By Sen. Lisa Murkowski
Despite the seriousness of our nation’s challenges in what we’re facing, I think it’s fair to say that Americans have witnessed an atmosphere of perhaps unprecedented dysfunction and partisanship in Congress that has compromised our ability to govern.
The list of accomplishments out of the Senate this past year is a relatively short one. It seems we went from impasse to crisis, to kicking the can down the road — and then we would just start that cycle all over again. We have simply been unable to muster the comprehensive solutions that this country demands.
And this is a brutally honest assessment, I think you would agree. We’ve had some partial victories at the federal level but really given the enormous challenges we face, this process and progress is inadequate. And that’s why I would like to use this occasion today to renew our partnership. The discussions that need to take place in overcoming what I consider the biggest obstacles to growing Alaska’s economy.
Now, we all know that federal spending and resource development drive the lion’s share of our state’s economy – they employ a huge share of our workforce. And our reality is that both are threatened as perhaps never before. We’ve seen years of deficit spending that have generated unprecedented debt that jeopardizes the ability of our federal government to meet even its basic obligations.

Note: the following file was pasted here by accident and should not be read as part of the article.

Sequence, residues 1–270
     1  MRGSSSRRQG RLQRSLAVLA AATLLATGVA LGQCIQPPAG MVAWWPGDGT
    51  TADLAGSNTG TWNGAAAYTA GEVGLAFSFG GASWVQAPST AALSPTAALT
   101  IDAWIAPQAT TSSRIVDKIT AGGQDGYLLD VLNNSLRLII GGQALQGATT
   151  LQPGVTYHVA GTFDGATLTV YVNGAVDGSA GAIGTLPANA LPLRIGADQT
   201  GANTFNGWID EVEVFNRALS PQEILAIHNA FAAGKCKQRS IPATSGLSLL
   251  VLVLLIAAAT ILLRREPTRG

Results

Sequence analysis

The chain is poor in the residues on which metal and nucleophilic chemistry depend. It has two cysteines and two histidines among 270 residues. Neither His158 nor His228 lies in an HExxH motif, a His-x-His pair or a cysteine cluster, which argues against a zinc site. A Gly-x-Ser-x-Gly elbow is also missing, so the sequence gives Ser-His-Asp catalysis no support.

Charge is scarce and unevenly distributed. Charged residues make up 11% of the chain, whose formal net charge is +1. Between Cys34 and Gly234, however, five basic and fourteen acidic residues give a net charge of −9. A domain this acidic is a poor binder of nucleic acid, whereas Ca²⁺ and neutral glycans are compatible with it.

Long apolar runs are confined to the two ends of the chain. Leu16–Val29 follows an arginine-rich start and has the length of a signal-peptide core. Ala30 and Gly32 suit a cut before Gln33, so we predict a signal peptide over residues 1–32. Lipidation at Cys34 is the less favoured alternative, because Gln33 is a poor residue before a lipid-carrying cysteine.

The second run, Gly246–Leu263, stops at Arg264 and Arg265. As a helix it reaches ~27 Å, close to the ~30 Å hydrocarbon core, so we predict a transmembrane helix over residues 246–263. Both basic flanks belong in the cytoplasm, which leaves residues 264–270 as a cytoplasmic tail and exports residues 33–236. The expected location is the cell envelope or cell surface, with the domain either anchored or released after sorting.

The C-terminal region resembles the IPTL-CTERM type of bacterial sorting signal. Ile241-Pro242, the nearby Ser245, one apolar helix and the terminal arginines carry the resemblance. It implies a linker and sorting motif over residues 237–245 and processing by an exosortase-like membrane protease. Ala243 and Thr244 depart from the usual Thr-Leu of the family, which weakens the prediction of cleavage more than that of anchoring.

And meanwhile, years of denial, basically saying no, overreach by the very same government have limited access to many of our best opportunities whether it be for oil, for mineral, for timber production – the very things, my friends, that can help reduce our dependency on federal funds.
So let’s talk about the budget situation first; fact of the matter is, it is likely to get worse before it gets better.
We are just one week shy of sequestration, so folks all over the state are asking me the question: what is this going to mean for us here in Alaska? And, unfortunately, there is very little certainty about a very chaotic process that is facing us.
But, I think at least in the short-term, sequestration is likely to be our new reality because what we’re seeing, the plans that were put forward by the House Republicans, the plan that Senate Democrats have presented, these are supported by those majorities but not necessarily by the other chamber.
Now it is important to note that sequestration will shield some of the programs that are important to our State – like medicaid, social security, our veterans’ benefits, and a few others, but things like decisions within the Department of Interior, the Coast Guard which we’ve been talking about, these are perhaps not going to fare as well.
And, because of lack of information from the Administration about sequestration, we really don’t know what it may mean for so many of the programs. Whether it be Head Start, whether it is Indian Health Service, the BLM offices. So there is so much uncertainty at this point and time.